New research from SAHMRI may have found a solution to improve iron intake among older Australian infants, iron fortified infant cereals.
The study, published in The Journal of Nutrition, analyzed the diets of nearly 300 infants aged six to 12 months from across Australia and showed that adding one serving (18g, providing 6.3mg of iron) of iron-fortified infant cereals per day to current diets increased total iron intake at the population level and decreased the percentage of infants not meeting iron requirements from 75% to 5%.
Low dietary iron intake is the leading cause of iron deficiency and three-quarters of Australian infants have intakes below recommendations, placing them at risk of iron deficiency.
One of the lead investigators, Dr. Najma Moumin, says meeting iron intake recommendations is particularly challenging for infants between six and twelve months. During this period iron-rich complementary foods in conjunction with breastmilk are needed in order to meet the infant’s high iron needs.
“Prevention of iron deficiency during critical periods of brain development is essential to ensure a healthy start to life,” Dr. Moumin said.
“In our study, few infants aged 6 to 12 months consumed iron-rich foods, such as red meat, poultry, fish and iron-fortified cereals, and those that did, consumed small amounts. Even if higher amounts of iron-rich animal-source foods were given to infants, it is unlikely they would meet iron requirements, given the small amounts of food infants consume.
“Our findings show that iron-fortified infant cereals may be an effective strategy for helping infants meet their iron requirements as they are specially formulated to meet their needs.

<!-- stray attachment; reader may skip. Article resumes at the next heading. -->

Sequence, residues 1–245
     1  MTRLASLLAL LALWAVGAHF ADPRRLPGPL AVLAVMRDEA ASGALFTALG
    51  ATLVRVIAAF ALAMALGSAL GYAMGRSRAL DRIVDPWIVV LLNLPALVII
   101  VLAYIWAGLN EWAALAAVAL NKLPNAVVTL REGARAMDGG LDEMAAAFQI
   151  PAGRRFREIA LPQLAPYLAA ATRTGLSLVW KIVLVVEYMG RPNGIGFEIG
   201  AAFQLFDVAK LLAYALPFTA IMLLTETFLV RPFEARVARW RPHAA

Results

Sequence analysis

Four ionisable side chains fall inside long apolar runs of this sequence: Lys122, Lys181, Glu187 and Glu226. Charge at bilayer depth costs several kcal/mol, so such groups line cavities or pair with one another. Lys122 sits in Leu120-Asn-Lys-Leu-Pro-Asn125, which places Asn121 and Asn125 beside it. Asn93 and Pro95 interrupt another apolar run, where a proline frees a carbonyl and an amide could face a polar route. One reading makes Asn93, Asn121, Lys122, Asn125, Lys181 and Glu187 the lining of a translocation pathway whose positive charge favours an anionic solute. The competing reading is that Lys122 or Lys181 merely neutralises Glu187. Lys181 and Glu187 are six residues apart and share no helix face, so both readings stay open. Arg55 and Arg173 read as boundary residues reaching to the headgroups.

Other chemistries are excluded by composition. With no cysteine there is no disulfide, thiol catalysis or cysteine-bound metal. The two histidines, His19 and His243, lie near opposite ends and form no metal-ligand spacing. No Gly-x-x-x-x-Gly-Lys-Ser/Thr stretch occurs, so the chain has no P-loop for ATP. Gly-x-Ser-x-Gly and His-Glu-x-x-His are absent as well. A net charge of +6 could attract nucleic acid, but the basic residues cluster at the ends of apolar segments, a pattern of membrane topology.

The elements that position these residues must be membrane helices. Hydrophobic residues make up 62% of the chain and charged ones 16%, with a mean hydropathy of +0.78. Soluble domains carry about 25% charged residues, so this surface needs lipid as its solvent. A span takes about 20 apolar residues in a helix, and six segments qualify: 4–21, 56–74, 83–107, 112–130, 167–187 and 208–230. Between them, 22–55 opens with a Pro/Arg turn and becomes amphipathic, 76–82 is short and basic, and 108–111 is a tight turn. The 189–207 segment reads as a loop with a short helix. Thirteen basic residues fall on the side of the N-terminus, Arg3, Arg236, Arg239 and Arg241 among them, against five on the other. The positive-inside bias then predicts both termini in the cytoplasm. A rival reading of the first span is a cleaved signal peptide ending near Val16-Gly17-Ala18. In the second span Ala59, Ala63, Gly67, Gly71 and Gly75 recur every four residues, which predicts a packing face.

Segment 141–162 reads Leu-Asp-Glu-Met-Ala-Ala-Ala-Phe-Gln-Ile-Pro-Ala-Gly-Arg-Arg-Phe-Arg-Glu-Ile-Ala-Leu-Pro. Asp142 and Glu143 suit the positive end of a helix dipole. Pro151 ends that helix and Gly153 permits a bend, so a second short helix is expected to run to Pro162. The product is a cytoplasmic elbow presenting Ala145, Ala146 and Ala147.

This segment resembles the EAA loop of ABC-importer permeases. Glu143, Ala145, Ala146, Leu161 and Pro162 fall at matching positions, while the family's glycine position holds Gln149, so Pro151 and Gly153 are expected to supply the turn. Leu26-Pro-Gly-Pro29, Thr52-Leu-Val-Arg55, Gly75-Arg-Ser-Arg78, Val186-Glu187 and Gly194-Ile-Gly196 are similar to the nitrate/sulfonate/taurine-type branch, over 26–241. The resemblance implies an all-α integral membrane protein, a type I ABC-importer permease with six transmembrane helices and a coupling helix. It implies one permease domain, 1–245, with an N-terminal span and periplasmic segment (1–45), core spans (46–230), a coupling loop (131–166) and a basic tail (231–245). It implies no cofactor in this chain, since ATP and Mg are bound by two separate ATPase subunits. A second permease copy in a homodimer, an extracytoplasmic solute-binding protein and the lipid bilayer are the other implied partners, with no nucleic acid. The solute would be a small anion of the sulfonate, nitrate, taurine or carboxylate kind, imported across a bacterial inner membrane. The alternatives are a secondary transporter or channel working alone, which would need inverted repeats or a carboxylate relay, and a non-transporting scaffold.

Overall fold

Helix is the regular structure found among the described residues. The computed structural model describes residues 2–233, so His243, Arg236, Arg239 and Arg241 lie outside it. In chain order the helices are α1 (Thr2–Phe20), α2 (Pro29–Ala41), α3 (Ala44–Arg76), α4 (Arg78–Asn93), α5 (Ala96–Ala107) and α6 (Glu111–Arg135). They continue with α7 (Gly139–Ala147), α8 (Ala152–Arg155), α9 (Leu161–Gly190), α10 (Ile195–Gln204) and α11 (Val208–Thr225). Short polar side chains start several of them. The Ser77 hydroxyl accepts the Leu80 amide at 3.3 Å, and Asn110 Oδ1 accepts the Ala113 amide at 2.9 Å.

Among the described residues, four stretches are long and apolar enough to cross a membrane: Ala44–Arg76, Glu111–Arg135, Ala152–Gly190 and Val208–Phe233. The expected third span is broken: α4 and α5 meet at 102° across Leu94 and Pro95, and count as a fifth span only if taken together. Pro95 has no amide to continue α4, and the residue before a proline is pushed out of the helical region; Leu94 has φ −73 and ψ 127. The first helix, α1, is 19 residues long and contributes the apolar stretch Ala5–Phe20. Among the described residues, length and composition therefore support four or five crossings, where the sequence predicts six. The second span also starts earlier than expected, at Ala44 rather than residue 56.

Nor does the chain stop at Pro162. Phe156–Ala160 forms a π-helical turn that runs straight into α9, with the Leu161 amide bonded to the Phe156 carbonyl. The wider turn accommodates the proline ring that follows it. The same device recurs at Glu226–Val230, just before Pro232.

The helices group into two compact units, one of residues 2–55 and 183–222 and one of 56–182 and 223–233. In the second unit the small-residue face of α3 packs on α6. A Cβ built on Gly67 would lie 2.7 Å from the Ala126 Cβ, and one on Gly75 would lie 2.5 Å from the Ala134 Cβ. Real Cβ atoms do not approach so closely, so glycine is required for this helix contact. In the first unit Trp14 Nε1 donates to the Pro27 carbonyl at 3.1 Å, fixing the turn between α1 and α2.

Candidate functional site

“Australian health authorities may need to consider advising parents to increase the amount of iron-fortified infant cereals in addition to nutritious family foods, consistent with the Australian Dietary Guidelines,” Dr. Moumin said.
By law, iron fortified infant cereals are mandated by Food Standards Australia New Zealand to be fortified with between 20 to 50mg iron per 100g dry weight, meaning there’s a high percentage of iron in a low volume of food, which is ideal for infants aged six to 12 months.
The research was undertaken as part of the Australian Feeding Infants and Toddlers Study (OzFITS) 2021, supported by an unrestricted educational grant from the Nestlé Nutrition Institute (Australia).
Nestlé Australia Scientific Affairs Manager, Peter Fryer, said that supporting the OzFITS research was part of Nestlé Nutrition Institute’s commitment to improve nutrition for the next generation of Australians.
“Being able to partner with SAHMRI to undertake OzFITS—the first ever nationwide study of 0–2 year old children in Australia—has allowed for us to focus our research where there are clear gaps in knowledge, providing benefits to health care professionals, and ultimately, parents and children.
“The findings have provided extremely important insights, showing practical action that can be taken through consumption of iron fortified infant cereal, helping address the high rates of iron inadequacy among Australian infants.”
Najma A. Moumin et al, Iron-Fortified Foods Are Needed To Meet the Estimated Average Requirement for Iron in Australian Infants Aged 6 to 12 Months, The Journal of Nutrition (2023). DOI: 10.1016/j.tjnut.2023.08.018
Journal of Nutrition
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